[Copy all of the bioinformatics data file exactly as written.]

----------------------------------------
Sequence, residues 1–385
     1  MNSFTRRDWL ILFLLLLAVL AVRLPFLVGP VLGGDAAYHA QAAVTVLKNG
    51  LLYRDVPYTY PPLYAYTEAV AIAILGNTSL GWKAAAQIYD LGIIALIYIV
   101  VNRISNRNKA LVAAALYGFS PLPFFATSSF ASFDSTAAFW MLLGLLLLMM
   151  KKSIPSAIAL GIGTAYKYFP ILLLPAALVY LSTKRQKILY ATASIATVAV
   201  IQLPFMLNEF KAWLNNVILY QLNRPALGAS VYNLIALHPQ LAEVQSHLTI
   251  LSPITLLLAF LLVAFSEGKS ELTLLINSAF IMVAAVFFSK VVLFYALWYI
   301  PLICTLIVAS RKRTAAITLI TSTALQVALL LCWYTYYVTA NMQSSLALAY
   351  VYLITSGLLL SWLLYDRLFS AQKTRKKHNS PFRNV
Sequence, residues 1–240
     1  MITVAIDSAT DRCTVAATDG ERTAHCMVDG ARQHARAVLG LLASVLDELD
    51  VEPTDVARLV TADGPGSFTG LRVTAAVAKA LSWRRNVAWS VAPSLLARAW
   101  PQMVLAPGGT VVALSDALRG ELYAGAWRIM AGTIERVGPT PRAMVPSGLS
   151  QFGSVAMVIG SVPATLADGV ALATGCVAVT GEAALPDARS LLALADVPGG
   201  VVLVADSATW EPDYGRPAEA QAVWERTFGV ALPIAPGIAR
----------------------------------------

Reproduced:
Sequence, residues 1–385
     1  MNSFTRRDWL ILFLLLLAVL AVRLPFLVGP VLGGDAAYHA QAAVTVLKNG
    51  LLYRDVPYTY PPLYAYTEAV AIAILGNTSL GWKAAAQIYD LGIIALIYIV
   101  VNRISNRNKA LVAAALYGFS PLPFFATSSF ASFDSTAAFW MLLGLLLLMM
   151  KKSIPSAIAL GIGTAYKYFP ILLLPAALVY LSTKRQKILY ATASIATVAV
   201  IQLPFMLNEF KAWLNNVILY QLNRPALGAS VYNLIALHPQ LAEVQSHLTI
   251  LSPITLLLAF LLVAFSEGKS ELTLLINSAF IMVAAVFFSK VVLFYALWYI
   301  PLICTLIVAS RKRTAAITLI TSTALQVALL LCWYTYYVTA NMQSSLALAY
   351  VYLITSGLLL SWLLYDRLFS AQKTRKKHNS PFRNV
Sequence, residues 1–240
     1  MITVAIDSAT DRCTVAATDG ERTAHCMVDG ARQHARAVLG LLASVLDELD
    51  VEPTDVARLV TADGPGSFTG LRVTAAVAKA LSWRRNVAWS VAPSLLARAW
   101  PQMVLAPGGT VVALSDALRG ELYAGAWRIM AGTIERVGPT PRAMVPSGLS
   151  QFGSVAMVIG SVPATLADGV ALATGCVAVT GEAALPDARS LLALADVPGG
   201  VVLVADSATW EPDYGRPAEA QAVWERTFGV ALPIAPGIAR